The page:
A Pierce County man died Oct. 31 following complications from the flu. The man in his 70s had chronic conditions that increased his risk of complications from the flu. This is the first flu-related death in Pierce County of the 2017-2018 season.
This flu season could be similar to the last, which was the worst in several years. In the 2016-2017 season, Pierce County had 50 flu-related deaths, as many as the previous three seasons combined: 15 in 2015-2016, 25 in 2014-2015, and 10 in 2013-2014. Flu season is typically October to April but can last longer.
“People can underestimate the severity of the flu, especially for the elderly or others with compromised immune systems,” said Nigel Turner, director, Communicable Disease Control at Tacoma-Pierce County Health Department. “Everyone should get a flu shot to decrease the likelihood of an outbreak and increase community immunity,” he said.
The virus is much than a bad cold and sends thousands of people to the hospital every year. The flu can cause days of fever, cough, sore throat, and body aches. In some cases, the flu leads to death. Even healthy people can become seriously sick from the flu, even healthy adults and children can die from it.
How does the flu spread?
Droplets made when people with the flu cough, sneeze, or talk carry the virus. These droplets can infect a person directly or through contact with contaminated surfaces or objects. Be sure to:
- Wash your hands often with soap or use an alcohol-based hand sanitizer.
- Cover your cough or sneeze.
- Stay home if you’re sick.
Why should I get a flu shot?
You help to protect yourself and the health of those around you when you get a flu shot. The Health Department recommends the flu vaccine for people six months and older. It’s also the neighborly thing to do. When more people in Pierce County get vaccinated, less flu spreads in our communities. Higher rates of vaccination mean fewer visits to the doctor and days missed from work or school. Although the flu is circulating now, it’s not too late to get vaccinated to protect yourself and your family from the flu.
Can I still get sick?
No vaccine is 100 percent effective, but when more people are vaccinated, less illness circulates in the community.
Those who are immune compromised or cannot get vaccines because of medical reasons have better protection when people around them are vaccinated. Even if a person who has received the shot becomes ill, the vaccine can still protect many people and prevent flu-related complications.
Where can I get a flu shot?
You can get a flu shot at many local pharmacies. Also, check with your healthcare provider about the vaccine. It’s not too late to get a flu shot, but do it now to protect yourself and those around you. Flu vaccines can take up to two weeks to take effect. Learn more about where to get the flu vaccine and other flu facts at www.tpchd.org/flu.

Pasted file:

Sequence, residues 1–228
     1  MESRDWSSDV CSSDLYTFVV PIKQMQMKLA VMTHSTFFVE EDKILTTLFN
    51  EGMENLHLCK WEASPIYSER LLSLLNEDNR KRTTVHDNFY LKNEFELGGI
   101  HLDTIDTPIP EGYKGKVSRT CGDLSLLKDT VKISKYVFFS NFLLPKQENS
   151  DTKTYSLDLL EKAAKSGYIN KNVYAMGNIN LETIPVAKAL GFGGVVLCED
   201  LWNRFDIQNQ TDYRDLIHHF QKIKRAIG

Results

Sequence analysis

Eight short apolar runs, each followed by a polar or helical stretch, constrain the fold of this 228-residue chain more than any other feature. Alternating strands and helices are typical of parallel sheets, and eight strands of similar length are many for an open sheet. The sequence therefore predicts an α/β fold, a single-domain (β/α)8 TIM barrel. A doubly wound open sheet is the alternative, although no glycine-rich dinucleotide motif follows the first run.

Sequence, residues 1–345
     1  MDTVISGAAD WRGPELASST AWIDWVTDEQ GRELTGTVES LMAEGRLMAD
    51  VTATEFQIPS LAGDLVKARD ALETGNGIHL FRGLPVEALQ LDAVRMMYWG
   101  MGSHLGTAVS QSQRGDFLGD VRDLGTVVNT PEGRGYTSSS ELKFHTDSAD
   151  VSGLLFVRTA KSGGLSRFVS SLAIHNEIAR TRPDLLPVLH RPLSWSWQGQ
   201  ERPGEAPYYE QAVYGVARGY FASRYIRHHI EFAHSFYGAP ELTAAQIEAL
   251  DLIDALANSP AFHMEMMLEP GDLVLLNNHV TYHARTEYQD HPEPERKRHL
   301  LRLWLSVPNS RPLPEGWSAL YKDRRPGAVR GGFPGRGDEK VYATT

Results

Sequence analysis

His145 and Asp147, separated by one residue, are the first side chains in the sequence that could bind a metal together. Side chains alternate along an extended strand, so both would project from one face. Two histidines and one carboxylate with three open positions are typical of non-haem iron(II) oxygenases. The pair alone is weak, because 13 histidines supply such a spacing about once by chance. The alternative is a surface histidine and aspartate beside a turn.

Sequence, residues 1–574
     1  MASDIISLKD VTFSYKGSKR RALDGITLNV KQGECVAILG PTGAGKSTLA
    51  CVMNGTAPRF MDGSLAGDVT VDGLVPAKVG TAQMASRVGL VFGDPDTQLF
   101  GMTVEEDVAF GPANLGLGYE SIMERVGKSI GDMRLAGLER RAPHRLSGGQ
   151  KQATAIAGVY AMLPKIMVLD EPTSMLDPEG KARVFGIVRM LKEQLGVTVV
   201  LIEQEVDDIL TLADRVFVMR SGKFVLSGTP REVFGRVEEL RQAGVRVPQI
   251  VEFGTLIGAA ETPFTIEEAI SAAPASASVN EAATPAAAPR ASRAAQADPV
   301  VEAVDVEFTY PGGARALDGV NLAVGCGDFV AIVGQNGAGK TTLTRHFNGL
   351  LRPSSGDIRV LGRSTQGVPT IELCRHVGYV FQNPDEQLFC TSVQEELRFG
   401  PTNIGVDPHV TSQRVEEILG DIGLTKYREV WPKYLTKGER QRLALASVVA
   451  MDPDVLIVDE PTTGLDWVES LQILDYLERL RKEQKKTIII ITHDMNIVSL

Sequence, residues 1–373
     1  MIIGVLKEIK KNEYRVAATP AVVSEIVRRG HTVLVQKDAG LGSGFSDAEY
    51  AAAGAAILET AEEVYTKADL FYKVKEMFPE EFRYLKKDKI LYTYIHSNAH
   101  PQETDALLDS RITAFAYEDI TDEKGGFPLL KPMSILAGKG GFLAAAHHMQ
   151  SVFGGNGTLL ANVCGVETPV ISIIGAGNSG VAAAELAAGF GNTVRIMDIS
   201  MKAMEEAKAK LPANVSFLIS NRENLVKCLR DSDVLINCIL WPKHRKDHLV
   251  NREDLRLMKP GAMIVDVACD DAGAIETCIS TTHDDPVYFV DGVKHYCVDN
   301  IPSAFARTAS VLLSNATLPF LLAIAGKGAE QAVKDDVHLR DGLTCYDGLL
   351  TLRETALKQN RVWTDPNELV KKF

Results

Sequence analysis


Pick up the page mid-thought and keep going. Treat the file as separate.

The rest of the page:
What are the side effects of a flu shot?
Every year millions of people get flu vaccines, which public health experts carefully monitor. Most people get a flu shot with no problem. Side effects include soreness, redness, tenderness, or swelling at the spot of injection. These side effects are mild and short-lived, especially when compared to symptoms from a bad case of the flu. The flu vaccine cannot give you the flu.
What should I do if I have flu symptoms?
Some people are more at risk for flu complications, especially:
- Children under age five.
- Pregnant women.
- People with diabetes, asthma, or other chronic conditions.
If you are at higher risk for flu complications and you develop flu symptoms, see your healthcare provider right away. Antiviral medications taken within a day or two after the flu symptoms start might help people at higher risk avoid complications, including pneumonia, hospitalization, and death.
If you have no underlying chronic health conditions and are not among the high-risk groups, you can usually treat yourself or your child at home by getting plenty of rest and drinking lots of fluids.
When should I see a doctor?
See a healthcare provider for an evaluation if you are experiencing any of the following:
- Fever greater than 100.4 degrees that’s lasted more than four days (fevers may be intermittent).
- Fever that went away but has returned two or more days later.
- Coughing up mucus tinged with blood.
- Rattling chest sounds when taking a deep breath.
- Fainting spells, dizziness and/or severe dry mouth.
- Urinating less (or babies have less than three wet diapers per 24 hours).
- You are pregnant (pregnant women should seek immediate care if flu symptoms are present rather than making an appointment at an OB office).
- People younger than age 5 or older than age 65. People with chronic medical conditions such as diabetes, heart failure, cancer, etc. or other high-risk groups for complications from the flu.
When should I call 911 or be seen at an emergency room?
Seek emergency medical attention if you are experiencing any of the following:
- Fast breathing or trouble breathing.
- Pain or pressure in the chest or abdomen.
- Bluish or gray skin color.
- Severe or persistent vomiting.
- Not waking up or not interacting.
- Sudden dizziness.
- Unable to talk in full sentences.
Children who are so irritable that they do not want to be held.
Get more information about the flu, including how to avoid it, vaccinations and where they are available at www.tpchd.org/flu.